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An Emigrant’s Tale: The Ballad Of The Irish Don Juan

Don Juan O’Brien left Baltinglass in 1811 as plain old John O’Brien, earning his new moniker in Buenos Aires, not due to disproportionate amorous exploits, but from the city-dwellers propensity to localise everyone’s name, making even an Irishman from Wicklow sound exotic.

Emigration was common in Ireland; some left to find work, some to escape a criminal charge, and some to avoid the terror of deportation to Australia. Many left to escape religious persecution, others to raise an army, hoping to return and free their native land. But O’Brien left Ireland at the age of twenty-five to plough a different furrow.

He was born into a family of farmers and shopkeepers, relatively well-off for Catholics who had to endure the savagery of the Penal Laws. His father passed away when he was just sixteen, bequeathing him some commercial interests as well as a pair of fine horses, but these steeds were to be O’Brien’s downfall: he lost everything to his unbridled passion for racing, forcing him to mortgage his home – and ask his brothers to do likewise – to keep out of the Debtor’s Prison.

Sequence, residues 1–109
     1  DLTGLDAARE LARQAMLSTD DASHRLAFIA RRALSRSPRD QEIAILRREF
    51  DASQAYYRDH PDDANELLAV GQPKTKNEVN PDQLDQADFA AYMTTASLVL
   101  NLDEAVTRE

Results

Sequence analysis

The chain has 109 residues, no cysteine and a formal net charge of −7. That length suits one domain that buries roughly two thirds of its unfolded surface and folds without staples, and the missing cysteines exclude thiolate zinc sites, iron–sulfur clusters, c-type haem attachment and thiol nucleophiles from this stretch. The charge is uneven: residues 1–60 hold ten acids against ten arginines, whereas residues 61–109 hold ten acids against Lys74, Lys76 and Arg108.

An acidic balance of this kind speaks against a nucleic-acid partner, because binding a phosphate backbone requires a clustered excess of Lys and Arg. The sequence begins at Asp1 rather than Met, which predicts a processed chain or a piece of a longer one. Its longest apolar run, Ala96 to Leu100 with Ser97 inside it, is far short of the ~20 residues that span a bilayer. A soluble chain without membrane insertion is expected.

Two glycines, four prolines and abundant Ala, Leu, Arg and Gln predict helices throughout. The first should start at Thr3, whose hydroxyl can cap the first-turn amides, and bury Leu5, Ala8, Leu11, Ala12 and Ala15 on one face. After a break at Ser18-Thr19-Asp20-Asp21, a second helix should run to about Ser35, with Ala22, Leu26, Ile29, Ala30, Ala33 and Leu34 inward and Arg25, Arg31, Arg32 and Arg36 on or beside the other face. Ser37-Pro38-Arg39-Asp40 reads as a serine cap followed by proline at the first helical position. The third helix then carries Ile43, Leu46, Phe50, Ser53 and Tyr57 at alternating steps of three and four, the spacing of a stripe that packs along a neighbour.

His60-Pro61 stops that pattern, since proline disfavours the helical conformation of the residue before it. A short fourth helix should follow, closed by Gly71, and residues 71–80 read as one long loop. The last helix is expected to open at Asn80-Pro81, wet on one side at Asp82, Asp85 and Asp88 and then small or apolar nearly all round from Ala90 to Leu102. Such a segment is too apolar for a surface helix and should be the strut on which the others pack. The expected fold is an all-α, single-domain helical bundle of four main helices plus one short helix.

O’Brien decided to try his luck in London, where he first heard of the independence struggle in South America. It captured the imagination of his romantic soul. Returning immediately to bid farewell to the remainder of his family, he secured passage on a Portuguese vessel bound for Rio de Janeiro, his friends providing him with letters of introduction.

Standing on the deck, as his ship cut through the large waves of the open Atlantic seas, with his dreams of opening a merchant house in Buenos Aires, O’Brien was entitled to feel a certain amount of nervous optimism about his future, but his fortunes were about to change once again.